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An early retro personal computer makes the case for federal IT modernization.
Industry News

The Case for Federal IT Modernization

The cloud and mobility are pushing federal agencies to upgrade outdated systems in favor of more modern approaches. Hence the origin of the term “IT modernization.”


But embracing modern approaches is sort of an about-face for the federal government, which has long been saddled with tight budgets, long buying cycles and long-term investments in legacy gear they can’t shake. Still, widespread adoption of the cloud and mobile technologies, both in the private sector and among some federal workforces, is tipping their hand, acting as a forcing function for change.

With the addition of cloud and mobility comes the question of access, and more importantly, the question of how to secure access. For decades, the solution has been Common Access Card (CAC) and Personal Identity Verification (PIV) – access cards used for everything from physical access to buildings to authenticating into applications.

Again, mobility and cloud have plunged this old method into a sort of obsolescence, where trusted access can happen anywhere, at any time, from any device. It’s a marked improvement on the old way, but not without its challenges.

Why Modernize?

There are a host of reasons federal agencies should modernize:

Achieve Compliance: From NIST guidelines to DFARS and beyond, there are a host of stringent compliance regulations to which agencies must adhere to ensure only trusted users and trusted devices are accessing their systems. And failure to comply could result in a breach or fines –  two things no agency wants nor can afford.

Embrace BYOD: Federal agencies struggle with the concept of bring your own device (BYOD). Why? Because they lack visibility into devices that are not government issued. Modern IT solutions can give agencies insight into the security posture of devices and empower admins to enforce strict policies governing how and when devices can access applications.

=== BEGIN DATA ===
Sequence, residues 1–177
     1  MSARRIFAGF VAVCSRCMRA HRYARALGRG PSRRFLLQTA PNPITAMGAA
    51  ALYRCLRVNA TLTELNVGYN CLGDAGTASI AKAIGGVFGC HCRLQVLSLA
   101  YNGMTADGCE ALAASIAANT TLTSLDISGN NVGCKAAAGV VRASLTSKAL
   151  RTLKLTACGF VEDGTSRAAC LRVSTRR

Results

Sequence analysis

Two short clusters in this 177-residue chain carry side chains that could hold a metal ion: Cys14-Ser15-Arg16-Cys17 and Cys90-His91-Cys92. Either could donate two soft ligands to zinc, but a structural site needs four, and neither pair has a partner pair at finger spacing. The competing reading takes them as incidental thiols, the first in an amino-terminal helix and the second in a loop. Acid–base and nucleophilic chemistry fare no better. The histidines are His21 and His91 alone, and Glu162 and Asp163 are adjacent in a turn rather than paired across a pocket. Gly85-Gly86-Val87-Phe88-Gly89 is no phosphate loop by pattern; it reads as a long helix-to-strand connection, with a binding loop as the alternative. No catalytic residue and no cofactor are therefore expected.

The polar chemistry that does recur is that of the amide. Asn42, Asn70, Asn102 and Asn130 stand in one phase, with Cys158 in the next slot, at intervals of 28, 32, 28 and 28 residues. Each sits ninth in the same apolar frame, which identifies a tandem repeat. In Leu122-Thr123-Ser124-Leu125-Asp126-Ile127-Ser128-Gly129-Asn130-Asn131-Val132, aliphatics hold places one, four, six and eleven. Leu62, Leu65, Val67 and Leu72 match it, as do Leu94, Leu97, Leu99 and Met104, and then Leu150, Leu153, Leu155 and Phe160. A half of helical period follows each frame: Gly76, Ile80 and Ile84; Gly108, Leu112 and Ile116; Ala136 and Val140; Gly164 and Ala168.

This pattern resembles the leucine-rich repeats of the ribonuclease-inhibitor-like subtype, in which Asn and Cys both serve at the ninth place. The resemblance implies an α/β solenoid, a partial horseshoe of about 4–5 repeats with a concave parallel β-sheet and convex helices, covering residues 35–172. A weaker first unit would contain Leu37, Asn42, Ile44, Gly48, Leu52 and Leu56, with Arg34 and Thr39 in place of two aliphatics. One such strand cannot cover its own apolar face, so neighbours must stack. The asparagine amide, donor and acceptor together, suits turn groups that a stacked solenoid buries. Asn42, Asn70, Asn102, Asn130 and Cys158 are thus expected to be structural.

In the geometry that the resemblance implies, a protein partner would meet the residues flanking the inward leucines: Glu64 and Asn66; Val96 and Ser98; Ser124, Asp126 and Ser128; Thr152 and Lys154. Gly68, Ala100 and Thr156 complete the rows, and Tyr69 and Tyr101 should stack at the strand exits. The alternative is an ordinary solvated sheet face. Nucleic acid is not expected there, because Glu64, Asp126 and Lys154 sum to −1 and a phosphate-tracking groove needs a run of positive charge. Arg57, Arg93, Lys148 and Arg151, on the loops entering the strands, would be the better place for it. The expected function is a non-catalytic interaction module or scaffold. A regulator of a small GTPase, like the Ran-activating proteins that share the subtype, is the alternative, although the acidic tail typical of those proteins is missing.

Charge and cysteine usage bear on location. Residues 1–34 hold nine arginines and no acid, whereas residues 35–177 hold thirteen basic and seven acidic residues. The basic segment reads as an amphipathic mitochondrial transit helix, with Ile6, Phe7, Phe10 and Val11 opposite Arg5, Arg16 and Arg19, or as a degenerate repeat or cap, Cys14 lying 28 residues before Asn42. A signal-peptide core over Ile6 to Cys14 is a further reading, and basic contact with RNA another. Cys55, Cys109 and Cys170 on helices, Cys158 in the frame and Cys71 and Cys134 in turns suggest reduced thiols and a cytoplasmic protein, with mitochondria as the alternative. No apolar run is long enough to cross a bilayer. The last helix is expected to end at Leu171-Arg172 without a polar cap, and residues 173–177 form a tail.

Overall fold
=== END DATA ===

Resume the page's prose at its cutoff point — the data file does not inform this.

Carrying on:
Augment PIV/CAC: Supporting PIV/CAC requires a heavy lift in supporting a full-blown PKI (public key infrastructure), a FIPS-compliant cryptographic infrastructure, which can be incredibly difficult to set up and maintain. Not to mention, each workstation requires a card reader, which pushes the cost and maintenance headaches even higher. Most government agencies would consider an additional technology to complement card deployments as an alternative for logical access and authentication. Replacing PIV/CAC altogether would be too complex, too costly and wasteful of previous investments, but replacing the authentication and application access function of PIV/CAC cards is an attractive compromise for agencies and a step toward IT modernization.

Reduce TCO: Running and maintaining legacy systems is expensive, but so is replacing all of that gear. It’s a costly catch 22. But embracing cloud and mobility and starting down the path to IT modernization through strategic integrations and upgrades helps reduce the total cost of ownership of IT and security infrastructure while also satisfying IT modernization efforts. Leveraging modern authentication methods specifically can also dramatically reduce TCO (some Duo customers report a 10x reduction in TCO) by streamlining various workflows with different authentication processes into a single process for cloud and on-premises applications.

Adopt Zero Trust: While it may seem like a buzzword, zero-trust security is the real deal, and it’s changing the way access is granted. Zero trust is a model in which application access is granted based on trust in the identity and the device. It verifies trust at the time of access and assumes no one person or device is inherently more trustworthy than another, as opposed to the old perimeter-based mantra of trust anything that’s inside the corporate walls. Zero-trust security is the result of effective IT modernization.

Improve Security: Overall, IT modernization is about improving security. Modernization initiatives help agencies adopt and deploy new security technologies and integrate them into existing systems. Strong, modern authentication methods set the foundation for zero-trust security, so that’s a great starting point. From there, fortifying security further with device insight and strong access policies gives federal IT admins tighter control and helps ensure only trusted users and devices are accessing applications and data.

IT modernization is a marathon, not a sprint, so it’s important to understand that these changes won’t happen with a flip of a switch. But enacting an IT modernization plan can lay the foundation to embrace cloud, mobility and new security models and will ultimately result in reduced costs, flexibility and fewer management hassles. It will also future-proof federal IT infrastructures so when the next tectonic technology shift occurs, you’ll be ready.